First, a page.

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Author Topic: Does the microwave give off consistent energy levels?  (Read 1022 times)

Offline Duffield1

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Does the microwave give off consistent energy levels?
« on: 16 December, 2016, 07:24:22 AM »
Each morning, I make two bowls of Oats So Simple porridge, using exactly the same amount of milk in both and a full sachet of oats.  Each morning, I microwave each in an identical bowl for two minutes and thirty seconds.  Each morning, the porridge is almost boiling over in the first bowl when the timer bleeps, whilst the porridge second bowl is still about 1cm from the rim.

I thought this might be to do with slight inconsistencies in the oats, but it happens the same every morning.

Any suggestions on why?

Offline siasl

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Re: Does the microwave give off consistent energy levels?
« Reply #1 on: 16 December, 2016, 08:26:18 AM »
It could be to do with where you put the bowl in the microwave, even if on a rotating platter. Also, it could be to do with the distribution of milk & oats in the bowl.

For the first part of my answer, microwaves emit what's called "standing waves" which means the energy absorption pattern is not evenly distributed in space inside the oven compartment. Putting the bowl in a different place in relation to this will result in a different heating pattern.

Secondly, the heating power of the microwave is all to do with the absorption spectrum of the materials being heated. IIRC, microwaves operate at frequencies associated with high absorption by water, which results in most liquids heating quite nicely, but you'll find dry powders not heating much at all. Oats are quite dry. So if the bowls are mixed differently, this may account for that behaviour. Perhaps one is left to "steep" for longer, resulting in damper oats, perhaps making for a more spread out heat distribution, which means no boiling over?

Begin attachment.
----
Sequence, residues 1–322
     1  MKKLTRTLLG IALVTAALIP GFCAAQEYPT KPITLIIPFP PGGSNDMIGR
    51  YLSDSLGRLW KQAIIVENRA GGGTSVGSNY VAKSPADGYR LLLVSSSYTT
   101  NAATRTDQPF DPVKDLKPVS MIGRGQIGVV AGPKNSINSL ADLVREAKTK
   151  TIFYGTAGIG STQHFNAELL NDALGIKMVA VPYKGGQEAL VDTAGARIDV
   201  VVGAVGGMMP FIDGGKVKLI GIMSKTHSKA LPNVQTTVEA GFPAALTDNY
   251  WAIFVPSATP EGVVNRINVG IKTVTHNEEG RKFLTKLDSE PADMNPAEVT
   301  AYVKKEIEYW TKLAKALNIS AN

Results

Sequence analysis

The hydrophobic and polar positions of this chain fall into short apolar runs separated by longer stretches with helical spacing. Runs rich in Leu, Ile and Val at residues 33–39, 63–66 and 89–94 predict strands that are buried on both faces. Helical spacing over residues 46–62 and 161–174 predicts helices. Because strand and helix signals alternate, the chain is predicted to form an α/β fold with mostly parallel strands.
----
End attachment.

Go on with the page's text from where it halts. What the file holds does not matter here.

The last possibly alternative is user idiocy :) Are you microwaving them both on the same setting?  whisl

Offline crabfoot

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Re: Does the microwave give off consistent energy levels?
« Reply #2 on: 22 January, 2017, 12:05:31 AM »
The heart of a microwave is a valve - a magnetron (in old ones) or a klystron - which generates the microwaves.

After running for a while the circuit can go into a state of saturation, at which point the microwave emission is reduced or stops entirely.
The first domestic microwaves' klystrons became saturated in a few minutes, but modern klystrons do not suffer from the same problems.

However, the klystron can wear out in a microwave, and from what you say it looks like yours is on the way out.  You are describing the saturation effect of a tired klystron.

You cannot legally replace the klystron - it is a simple task, but after it has been done the microwave has to be tested for leaks in the shielding, to ensure it is not cooking anything outside the microwave. 

In the 1970s the manager of a fish and chip shop I frequented cooked his kidneys into failure by using a badly shielded microwave for warming up meat pies. The door didn't close properly, and the leak was at kidney height.  He was only 36.

Generally, it is not worth fixing a microwave because of the testing needed. Buy a new one.
« Last Edit: 22 January, 2017, 12:15:23 AM by crabfoot »